Goodbye to All That
So, by process of elimination, I fished up in sixteenth century Britain.
Occasionally, I would go slumming in eighteenth century France, or hang out with Wellesley (not yet Wellington) in India, but on one thing I was very clear: anything after 1815 Just Didn’t Count. Sure, one might read the odd novel set in Victorian England or thrill to M.M. Kaye’s tales of India in the days of the Raj, or, of course, cackle maniacally at the antics of P.G. Wodehouse’s Jeeves and Wooster, but that was for recreation, not study. Everything just got dull, dull, dull post-industrialization. Mechanized warfare? Killed off Romance entirely.
The entire stretch of twentieth century history was a blind spot for me. I knew the rough outlines—what school child didn’t?—and could confidently recite archducal assassinations, alliances, and ententes, but the cultural history of the time held no interest for me. I squirmed my way grudgingly through my Modern Britain field in grad school, grumbling about being forced to spend so much time in the twentieth century at the expense of the eighteenth. What was khaki compared to knee breeches?
That was until I found my imagination caught by Kenya in the 1920s and started work on a novel that bounces between 1910s and 20s England and 1920s Kenya. It quickly became clear that World War I, even if I avoided the war itself, was a pivot point in the novel, changing my characters and the world around them. I started reading up on that period directly before and after World War I and found myself ashamed that I had never done so before.
There are a wealth of excellent primary and secondary sources available. I’d grown up on Barbara Tuchman’s The Proud Tower, but added to it Juliet Nicholson’s far more intimate portrait of the old world just before it exploded: The Perfect Summer, a social history of the summer of 1911 which contrasts vividly to its sequel, The Great Silence, an examination of the immediate aftermath of the war. Part of what makes reading the pair together quite so effective is that the author follows up on many of the same sources, providing a direct before and after in the lives of specific individuals.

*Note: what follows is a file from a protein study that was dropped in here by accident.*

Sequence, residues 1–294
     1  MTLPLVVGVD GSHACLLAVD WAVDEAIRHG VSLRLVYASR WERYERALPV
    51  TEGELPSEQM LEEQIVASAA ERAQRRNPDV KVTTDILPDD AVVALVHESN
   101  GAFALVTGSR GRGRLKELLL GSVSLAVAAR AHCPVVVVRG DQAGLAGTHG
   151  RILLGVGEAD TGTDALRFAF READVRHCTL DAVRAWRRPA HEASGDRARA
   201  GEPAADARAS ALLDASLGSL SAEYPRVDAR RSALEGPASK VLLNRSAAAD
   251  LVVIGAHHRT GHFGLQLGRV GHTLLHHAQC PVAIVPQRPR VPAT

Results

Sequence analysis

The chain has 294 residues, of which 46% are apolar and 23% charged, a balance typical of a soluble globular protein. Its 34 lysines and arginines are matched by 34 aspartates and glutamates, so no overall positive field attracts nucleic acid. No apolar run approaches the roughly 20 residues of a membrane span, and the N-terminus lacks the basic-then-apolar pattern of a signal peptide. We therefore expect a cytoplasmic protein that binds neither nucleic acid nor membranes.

The work that left the deepest impact on me, however, was Robert Graves’ Good-Bye to All That, his recollection of his experiences during the Great War. Reading it, one could understand fully just what sent that generation of young men reeling—not just the shell shock, but the mad inanity of it all, the sense of lack of purpose and direction, the gross incompetence. Small wonder that so many talented young men began to question the world in which they’d been raised, or found themselves emotional wrecks, forever scarred by what they had seen and experienced. As I was writing The Ashford Affair, many of Graves’s experiences became those of my hero, Frederick.
What are your historical blind spots?